Family Travel

A Day in Yunlin County, Taiwan

After a brief visit to the Douliu Train Station in Taitung, we headed to my mom’s hometown in Tuku, located in Yunlin County. Located in central Taiwan, Yunlin County is rural and definitely off the beaten path. It’s largest city and county seat is Douliu, which has a population of just over 100,000 people. The tourism infrastructure in Yunlin is fairly limited compared to the rest of Taiwan and is regularly skipped by visitors. It doesn’t have the stunning, idyllic scenery of east Taiwan, nor the hustle and bustle of the major cities, so we focused our time in Yunlin recharging after a hectic weeklong bus tour that had stretched Baby T’s resilience.

Most of my previous trips to Taiwan centered around Tuku, where my grandmother and other relatives call home. When I was younger, I always found my mom’s hometown to be boring; it’s a tiny little village with little to do other than visit old relatives. But, this visit provided respite for me and Nate before we hit the road again; it’s the first time on this trip that we spent two consecutive nights in the same place. My parents, sister, and her boyfriend settled in at my grandmother’s house while me, Nate, and baby T stayed at my late grandfather’s brother-in-law’s building a couple of blocks away. We spent our time living like the locals (or in this case following my relatives around as they transitioned away from vacation mode).

Douliu Night Market

For dinner, my cousin (the last time I saw him he was six) drove us to the Douliu Night Market, about thirty minutes away from Tuku. It’s a newer night market and only opened on the weekends. Compared to night markets I’ve been to in Taipei, Tainan, and Kaohsiung on previous trips to Taiwan, this one was tiny. Still, it was a good spot to introduce Nate and Adam the Taiwanese night market experience without the shoulder-to-shoulder crowds typical in the big cities. The smaller crowd made it easier to navigate with a baby and to keep track of my aunts, uncles, and cousins.

Douliu Night Market
Entrance to the Douliu Night Market

What can you expect at a night market? Typically, you’ll find vendors selling clothes, small trinkets, produce, specialty drinks like bubble tea, food, and carnival games. Each stall usually only sells one type of item.

Night Market

Night Market

Douliu Night Market

Nate and I only stayed for about thirty minutes, just enough time to eat from a street vendors. We left for the night market at 7 PM, and it wasn’t until I was in the car that I found out that it was a thirty minute drive. With an 8PM bedtime for Baby T, the night market excursion was not a good idea for a baby that had not napped all day.

Tuku

The next morning, I picked up breakfast with my mom on the main road in Tuku. I love that in Taiwan, even in the rural villages, anyone can walk down the road to buy a meal, produce, and meat.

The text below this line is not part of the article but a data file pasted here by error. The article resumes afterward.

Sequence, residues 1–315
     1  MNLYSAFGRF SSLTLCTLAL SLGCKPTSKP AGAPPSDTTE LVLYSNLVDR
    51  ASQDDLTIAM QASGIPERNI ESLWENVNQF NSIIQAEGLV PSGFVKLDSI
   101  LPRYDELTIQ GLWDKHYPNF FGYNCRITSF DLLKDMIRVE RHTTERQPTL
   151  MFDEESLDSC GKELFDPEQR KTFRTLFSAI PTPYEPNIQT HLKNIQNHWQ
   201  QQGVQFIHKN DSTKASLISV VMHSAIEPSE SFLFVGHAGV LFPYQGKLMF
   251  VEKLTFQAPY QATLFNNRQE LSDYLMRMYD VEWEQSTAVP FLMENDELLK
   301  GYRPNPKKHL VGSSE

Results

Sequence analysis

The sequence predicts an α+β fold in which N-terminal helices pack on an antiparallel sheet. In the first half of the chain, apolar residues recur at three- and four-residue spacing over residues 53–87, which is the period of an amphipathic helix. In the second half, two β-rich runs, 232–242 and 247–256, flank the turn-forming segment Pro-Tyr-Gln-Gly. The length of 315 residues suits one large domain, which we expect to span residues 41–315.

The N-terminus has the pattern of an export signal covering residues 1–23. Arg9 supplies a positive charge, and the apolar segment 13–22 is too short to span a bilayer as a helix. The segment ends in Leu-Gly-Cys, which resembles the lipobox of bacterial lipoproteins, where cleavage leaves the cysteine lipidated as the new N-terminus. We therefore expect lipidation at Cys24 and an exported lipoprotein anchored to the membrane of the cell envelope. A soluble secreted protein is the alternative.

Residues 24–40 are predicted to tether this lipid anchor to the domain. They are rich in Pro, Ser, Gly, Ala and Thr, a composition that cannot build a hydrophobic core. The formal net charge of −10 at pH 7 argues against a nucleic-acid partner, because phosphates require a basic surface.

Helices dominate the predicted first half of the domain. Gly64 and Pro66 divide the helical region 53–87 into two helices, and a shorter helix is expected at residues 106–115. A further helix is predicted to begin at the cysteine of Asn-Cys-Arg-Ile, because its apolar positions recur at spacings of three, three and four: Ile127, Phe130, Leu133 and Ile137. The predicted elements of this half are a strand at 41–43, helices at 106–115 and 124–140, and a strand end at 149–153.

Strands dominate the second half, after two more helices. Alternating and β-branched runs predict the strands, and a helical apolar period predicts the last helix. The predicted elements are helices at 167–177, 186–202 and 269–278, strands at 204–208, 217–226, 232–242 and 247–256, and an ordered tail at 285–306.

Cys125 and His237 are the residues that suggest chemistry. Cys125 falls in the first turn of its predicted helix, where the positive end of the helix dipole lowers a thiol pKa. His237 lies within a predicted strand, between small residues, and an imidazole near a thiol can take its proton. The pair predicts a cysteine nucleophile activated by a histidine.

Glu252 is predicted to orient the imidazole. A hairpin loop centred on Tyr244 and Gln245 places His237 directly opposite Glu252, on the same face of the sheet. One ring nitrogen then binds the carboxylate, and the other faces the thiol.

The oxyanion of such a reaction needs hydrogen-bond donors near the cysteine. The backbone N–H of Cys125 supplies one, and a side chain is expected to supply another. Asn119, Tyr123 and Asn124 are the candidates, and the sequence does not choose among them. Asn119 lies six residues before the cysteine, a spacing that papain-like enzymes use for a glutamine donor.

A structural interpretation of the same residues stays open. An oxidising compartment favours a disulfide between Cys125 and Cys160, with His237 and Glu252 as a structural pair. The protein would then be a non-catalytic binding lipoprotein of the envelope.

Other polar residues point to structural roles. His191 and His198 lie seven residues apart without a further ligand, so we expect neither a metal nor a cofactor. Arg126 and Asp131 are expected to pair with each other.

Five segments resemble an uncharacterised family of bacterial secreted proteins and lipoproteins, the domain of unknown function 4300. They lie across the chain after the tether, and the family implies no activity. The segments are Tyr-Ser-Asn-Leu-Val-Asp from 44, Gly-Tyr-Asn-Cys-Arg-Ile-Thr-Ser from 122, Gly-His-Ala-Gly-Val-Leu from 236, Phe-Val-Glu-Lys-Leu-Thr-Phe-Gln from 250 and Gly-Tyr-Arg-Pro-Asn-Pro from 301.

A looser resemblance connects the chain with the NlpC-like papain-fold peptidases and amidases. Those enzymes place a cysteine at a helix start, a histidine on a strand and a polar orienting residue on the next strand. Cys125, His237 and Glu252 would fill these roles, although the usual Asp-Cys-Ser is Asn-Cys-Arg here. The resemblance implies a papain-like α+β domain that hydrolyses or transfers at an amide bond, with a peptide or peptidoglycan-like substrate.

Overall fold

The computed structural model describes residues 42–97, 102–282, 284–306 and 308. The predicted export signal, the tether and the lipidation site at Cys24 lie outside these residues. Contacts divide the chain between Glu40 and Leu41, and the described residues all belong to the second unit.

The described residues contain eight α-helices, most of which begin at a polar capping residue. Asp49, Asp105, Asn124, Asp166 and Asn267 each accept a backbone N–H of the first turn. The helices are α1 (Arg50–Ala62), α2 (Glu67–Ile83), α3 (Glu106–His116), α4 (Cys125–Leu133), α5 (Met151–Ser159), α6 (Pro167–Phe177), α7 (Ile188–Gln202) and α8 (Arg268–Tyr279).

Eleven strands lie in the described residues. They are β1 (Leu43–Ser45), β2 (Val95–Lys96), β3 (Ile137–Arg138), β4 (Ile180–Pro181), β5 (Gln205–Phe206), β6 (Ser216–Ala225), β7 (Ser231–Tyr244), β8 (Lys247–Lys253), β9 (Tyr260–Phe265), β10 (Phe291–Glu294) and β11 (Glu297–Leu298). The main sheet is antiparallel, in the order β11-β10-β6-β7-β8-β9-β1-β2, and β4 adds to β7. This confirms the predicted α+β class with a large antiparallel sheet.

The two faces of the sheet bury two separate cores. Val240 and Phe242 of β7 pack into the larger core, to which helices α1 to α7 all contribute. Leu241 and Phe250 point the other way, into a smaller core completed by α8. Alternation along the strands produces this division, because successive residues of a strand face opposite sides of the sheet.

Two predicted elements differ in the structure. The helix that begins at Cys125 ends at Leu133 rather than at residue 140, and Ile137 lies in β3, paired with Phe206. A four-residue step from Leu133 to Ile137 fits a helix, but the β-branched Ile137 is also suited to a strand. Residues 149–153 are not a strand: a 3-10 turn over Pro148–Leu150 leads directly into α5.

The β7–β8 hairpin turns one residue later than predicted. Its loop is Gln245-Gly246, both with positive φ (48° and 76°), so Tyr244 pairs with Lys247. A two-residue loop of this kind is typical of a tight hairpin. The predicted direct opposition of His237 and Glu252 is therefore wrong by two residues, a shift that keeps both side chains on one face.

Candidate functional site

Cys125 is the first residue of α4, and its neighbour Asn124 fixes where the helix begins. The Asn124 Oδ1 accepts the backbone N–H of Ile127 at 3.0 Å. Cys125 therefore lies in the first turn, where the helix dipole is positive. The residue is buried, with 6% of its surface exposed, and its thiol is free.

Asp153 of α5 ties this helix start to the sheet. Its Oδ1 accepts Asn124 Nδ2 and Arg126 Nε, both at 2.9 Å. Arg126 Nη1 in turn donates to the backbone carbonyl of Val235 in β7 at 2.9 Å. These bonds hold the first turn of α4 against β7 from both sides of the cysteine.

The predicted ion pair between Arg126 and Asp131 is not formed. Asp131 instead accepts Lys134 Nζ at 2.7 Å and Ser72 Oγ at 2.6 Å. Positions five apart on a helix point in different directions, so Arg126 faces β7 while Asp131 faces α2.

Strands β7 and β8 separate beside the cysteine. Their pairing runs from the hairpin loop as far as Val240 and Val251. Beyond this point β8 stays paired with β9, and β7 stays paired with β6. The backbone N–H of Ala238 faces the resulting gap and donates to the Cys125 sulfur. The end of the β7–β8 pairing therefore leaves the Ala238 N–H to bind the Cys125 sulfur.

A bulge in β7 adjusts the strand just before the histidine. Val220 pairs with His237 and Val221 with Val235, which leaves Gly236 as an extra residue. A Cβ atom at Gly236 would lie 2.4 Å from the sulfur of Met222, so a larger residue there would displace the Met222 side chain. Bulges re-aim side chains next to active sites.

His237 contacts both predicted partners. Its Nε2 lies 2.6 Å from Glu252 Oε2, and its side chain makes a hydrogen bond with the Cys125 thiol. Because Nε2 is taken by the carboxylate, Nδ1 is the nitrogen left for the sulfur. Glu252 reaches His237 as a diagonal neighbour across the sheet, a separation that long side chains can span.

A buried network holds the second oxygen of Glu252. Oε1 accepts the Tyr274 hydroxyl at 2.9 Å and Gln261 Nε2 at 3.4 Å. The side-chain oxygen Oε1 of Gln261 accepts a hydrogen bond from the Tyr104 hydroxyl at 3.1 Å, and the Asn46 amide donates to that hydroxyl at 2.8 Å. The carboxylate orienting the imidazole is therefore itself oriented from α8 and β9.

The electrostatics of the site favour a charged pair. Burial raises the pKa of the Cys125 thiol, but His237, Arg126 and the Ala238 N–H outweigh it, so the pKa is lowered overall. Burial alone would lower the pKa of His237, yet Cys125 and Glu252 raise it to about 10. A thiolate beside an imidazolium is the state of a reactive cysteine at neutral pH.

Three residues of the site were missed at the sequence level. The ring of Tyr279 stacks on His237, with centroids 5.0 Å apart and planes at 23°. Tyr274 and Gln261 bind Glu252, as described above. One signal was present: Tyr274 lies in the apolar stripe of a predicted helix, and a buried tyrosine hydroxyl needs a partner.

Easter and Tomb Sweeping Holiday

Then, we headed to my grandmother’s church for Easter service. Luckily, Baby T slept through half of it. When he woke up, Nate took him to church’s indoor playroom since he didn’t understand a single word in the service. Luckily, Nate met two moms in the playroom who spoke English.

After church, we met up at my grandmother’s home for lunch. At this point we were craving American food, so one of my cousins ordered Domino’s pizza. I know most people think it’s silly to eat pizza in another country when there’s so much local food to try. Still, I find it fascinating to see how other cultures interpret American and Western cuisine.  Our pizza toppings included shrimp, corn, and squid, very typical of what Taiwanese people order on a pizza. Overall, the pizza was not nearly as greasy compared to ones from Dominos here in the US.

Dominos Pizza Taiwan

We unsuccessfully tried to get Titus down for a second nap, so we headed to my grandfather’s burial site in Douliu. This year, Easter coincided with Taiwan’s Tomb Sweeping Day or Qingming Festival.  During Qingming, families travel to ancestral burial sites and clean the tombs and to pay their respects. Sometimes, prayers and offerings of food and “spirit” money are left at the tombs. It’s similar to Mexico’s Day of the Dead holiday.

With dates for Easter and Tomb Sweeping Holiday being so close this year, a lot of Taiwanese Christians opted to visit the family grave on Easter, since the first Easter began with a group of women visiting Christ’s grave. In fact, this year my grandmother’s church held its Easter sunrise service at the church grave.

Green Tunnel Park

After a brief visit at the church cemetery, we headed to Green Tunnel Park, named for the trees along the main path, also in Douliu. Since it was the beginning of a long holiday week, the popular park was packed; there were vendors hawking their wares and street performers. We saw one of the families we had met at church at the park. They came prepared with toys and bubbles and invited Baby T to play.

Green Tunnel Park Douliu

Later that night, my mom’s cousin took us out to dinner. I can’t remember the name of the restaurant, but the food was the best I’ve had all week, mostly because the host purposely ordered food (in Taiwan, the host is responsible for ordering and paying for everyone) that would suit our “American” taste. So no organs or weird meats made it to the table.

Previous posts about our trip to Taiwan:

Introduction

(Barely) Surviving the Plane Ride to Taiwan

A Stopover in Yilan County

Taroko National Park

Promiseland Resort Review

36 Hours in Hualien, Taiwan

48 Hours in Taitung, Taiwan

Luminous Hot Spring Resort Reivew

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